One remarkable mistake either in the original Version itself of the Septuagint, or in those MSS. which the fathers used, contributed greatly to encourage the speculations of the Antenicene fatheres about the origin of the Logos...Instead of translating as the Hebrew runs, "The Lord possessed me in the beginning of his way", they read in their copies "The LORD created me in the beginning of their ways."
Morever, it is afterwards said, in the same chapter, (v. 25) "Before the mountains were settled, before the hills, was I brought forth." The question does not seem even to have been debated, whether the Logos of John was actually the same as this Wisdom; or whether a mere poetic personification of Wisdom, and not a real hypostasis is meant; all taking it for granted, that the point admitted odf no debate. What then could be more natural than to apply the doctrines of the philosophy, which then prevailed so generally, to the explanation of the New Testament Logos; when they thought themselves fully authorized to do it, by the according voice of the Jewish Scriptures? It would have been next to miraculous, if they had not done so.
One other consideration should be stated. Most of the early fathers were employted, more or less, in defending Christianity against the attacks of heathen philosophers, or in recommending it to the consideration of the heathen. The polytheistic philosophers were continually reproaching Christians, with reverencing and adoring only a crucified malefactor. The reply to this was very natural. "We adore no mere mortal. The Logos incarnate, is what we adore. The existence of this very Logos, your best philosophers and you yourselves admit. You cannot, therefore, reproach us with forming an imaginary being, whom we hold to be the object of religious reverence. On your own principles, our religion contains nothing that is absurd."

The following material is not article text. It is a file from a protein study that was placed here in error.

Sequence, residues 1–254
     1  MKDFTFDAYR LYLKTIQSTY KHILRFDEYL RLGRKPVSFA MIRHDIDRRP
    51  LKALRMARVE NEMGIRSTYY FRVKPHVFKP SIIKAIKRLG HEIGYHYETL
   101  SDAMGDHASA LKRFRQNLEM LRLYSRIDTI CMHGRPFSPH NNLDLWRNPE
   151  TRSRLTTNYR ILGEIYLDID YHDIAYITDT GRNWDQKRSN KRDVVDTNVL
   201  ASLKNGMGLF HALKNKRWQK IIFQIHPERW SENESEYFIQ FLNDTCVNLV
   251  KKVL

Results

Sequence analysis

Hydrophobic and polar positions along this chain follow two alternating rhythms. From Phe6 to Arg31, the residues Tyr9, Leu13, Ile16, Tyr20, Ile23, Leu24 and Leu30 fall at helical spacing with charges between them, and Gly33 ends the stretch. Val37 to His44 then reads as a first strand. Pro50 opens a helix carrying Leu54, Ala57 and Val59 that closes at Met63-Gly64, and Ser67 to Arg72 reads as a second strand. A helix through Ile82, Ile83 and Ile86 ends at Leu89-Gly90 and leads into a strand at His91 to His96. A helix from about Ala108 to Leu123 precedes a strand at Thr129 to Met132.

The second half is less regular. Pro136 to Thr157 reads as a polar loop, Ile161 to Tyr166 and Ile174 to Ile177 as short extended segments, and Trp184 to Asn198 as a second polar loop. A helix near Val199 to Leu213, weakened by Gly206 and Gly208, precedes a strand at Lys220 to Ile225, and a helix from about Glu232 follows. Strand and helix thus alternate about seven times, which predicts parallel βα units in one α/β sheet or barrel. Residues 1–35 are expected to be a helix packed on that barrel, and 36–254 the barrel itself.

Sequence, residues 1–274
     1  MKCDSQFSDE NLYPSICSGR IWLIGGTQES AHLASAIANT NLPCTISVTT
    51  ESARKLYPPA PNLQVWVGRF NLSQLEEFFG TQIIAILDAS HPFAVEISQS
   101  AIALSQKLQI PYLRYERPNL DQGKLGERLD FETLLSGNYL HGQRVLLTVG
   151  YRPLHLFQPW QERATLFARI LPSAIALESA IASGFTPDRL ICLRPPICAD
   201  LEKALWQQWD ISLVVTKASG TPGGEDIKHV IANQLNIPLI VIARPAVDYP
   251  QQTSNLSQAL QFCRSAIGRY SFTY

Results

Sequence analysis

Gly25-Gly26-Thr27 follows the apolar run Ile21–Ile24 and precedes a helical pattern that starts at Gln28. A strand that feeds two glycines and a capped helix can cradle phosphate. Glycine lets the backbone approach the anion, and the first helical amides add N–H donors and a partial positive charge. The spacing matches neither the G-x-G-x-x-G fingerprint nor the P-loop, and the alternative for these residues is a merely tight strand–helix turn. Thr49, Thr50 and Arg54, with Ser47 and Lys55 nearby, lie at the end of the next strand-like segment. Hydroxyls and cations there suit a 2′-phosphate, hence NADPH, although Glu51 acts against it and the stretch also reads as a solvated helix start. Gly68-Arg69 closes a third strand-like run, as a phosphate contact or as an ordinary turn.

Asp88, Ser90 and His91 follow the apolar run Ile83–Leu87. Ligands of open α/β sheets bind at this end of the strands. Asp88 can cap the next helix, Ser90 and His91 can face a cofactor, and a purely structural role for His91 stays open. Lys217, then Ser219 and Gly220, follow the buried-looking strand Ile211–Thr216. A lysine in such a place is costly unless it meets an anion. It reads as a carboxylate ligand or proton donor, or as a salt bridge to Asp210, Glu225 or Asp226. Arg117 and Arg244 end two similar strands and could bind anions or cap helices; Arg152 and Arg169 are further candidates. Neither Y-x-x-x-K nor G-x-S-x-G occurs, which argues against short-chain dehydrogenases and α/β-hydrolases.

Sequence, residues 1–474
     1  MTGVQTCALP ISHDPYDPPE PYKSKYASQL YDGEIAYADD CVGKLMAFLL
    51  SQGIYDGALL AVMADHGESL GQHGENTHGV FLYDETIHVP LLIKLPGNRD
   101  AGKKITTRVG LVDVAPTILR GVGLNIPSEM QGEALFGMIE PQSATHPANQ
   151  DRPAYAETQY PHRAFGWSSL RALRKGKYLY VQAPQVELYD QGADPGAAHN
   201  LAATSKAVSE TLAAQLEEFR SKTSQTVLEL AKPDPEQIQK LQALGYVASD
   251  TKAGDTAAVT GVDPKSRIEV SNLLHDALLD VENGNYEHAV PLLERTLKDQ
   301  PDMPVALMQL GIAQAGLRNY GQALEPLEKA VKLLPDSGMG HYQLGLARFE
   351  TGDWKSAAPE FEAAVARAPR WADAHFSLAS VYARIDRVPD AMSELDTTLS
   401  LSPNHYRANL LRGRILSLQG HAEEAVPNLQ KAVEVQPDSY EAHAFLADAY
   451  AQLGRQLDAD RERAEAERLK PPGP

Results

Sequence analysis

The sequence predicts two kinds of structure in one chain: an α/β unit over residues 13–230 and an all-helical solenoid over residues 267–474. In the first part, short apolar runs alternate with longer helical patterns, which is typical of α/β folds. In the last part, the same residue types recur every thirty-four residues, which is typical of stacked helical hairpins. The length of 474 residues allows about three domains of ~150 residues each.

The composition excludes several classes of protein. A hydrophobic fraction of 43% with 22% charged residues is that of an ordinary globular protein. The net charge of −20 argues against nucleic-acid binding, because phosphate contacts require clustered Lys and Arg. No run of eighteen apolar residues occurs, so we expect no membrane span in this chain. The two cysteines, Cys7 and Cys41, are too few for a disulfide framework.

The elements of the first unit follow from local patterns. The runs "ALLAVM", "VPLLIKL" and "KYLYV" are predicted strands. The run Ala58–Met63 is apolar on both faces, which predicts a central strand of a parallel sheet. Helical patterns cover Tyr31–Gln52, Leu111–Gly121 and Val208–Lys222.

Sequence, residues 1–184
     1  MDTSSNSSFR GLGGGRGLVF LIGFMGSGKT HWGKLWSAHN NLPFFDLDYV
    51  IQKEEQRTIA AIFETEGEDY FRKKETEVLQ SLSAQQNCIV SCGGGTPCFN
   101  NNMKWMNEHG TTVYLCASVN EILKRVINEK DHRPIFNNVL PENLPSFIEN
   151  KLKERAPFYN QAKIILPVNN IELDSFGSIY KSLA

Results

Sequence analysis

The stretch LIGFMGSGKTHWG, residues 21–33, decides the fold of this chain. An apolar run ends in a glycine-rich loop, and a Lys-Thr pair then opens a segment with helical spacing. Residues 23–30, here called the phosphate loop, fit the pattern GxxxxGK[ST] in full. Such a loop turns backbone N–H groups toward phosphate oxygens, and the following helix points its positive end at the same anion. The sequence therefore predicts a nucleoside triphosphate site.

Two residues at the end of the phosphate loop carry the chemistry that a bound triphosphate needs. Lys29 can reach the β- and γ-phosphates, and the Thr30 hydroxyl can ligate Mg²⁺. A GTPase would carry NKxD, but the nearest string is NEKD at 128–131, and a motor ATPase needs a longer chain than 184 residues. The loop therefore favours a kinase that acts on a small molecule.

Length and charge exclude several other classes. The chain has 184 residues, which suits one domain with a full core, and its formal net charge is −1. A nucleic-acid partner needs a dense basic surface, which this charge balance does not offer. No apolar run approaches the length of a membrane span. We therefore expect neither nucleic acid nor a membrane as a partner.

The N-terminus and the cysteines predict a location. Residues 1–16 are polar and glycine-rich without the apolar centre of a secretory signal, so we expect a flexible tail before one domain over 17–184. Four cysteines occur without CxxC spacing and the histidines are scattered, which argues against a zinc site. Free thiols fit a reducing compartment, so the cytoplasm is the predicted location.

How natural and acceptable such a reply was to the fathers, may be easily understood from the nature of the case, and specially from the frequency with which it was used. Almost every man in vindicating his side of a disputed question, is satisfied if he can find arguments pro re nata. If they are effectual to silence his opponent, they must needs to be a good kind of arguments. The fathers, in the full sincerity of their hearts, checked the contumelies of the heathen in such a way; and as they felt themselves to be building on the Jewish Scriptures, they hardly could have a suspicion, that there was any thing improper, in accepting with all the aid which Platonism offered. Thus they at once estopped the mouths of gainsayers, and commended the religion which they had embraced to thet heathen, who loved the study of philosophy(Stuart)
Stuart, Moses. "Letters on the Eternal Generation of the Son." Andover. 1822.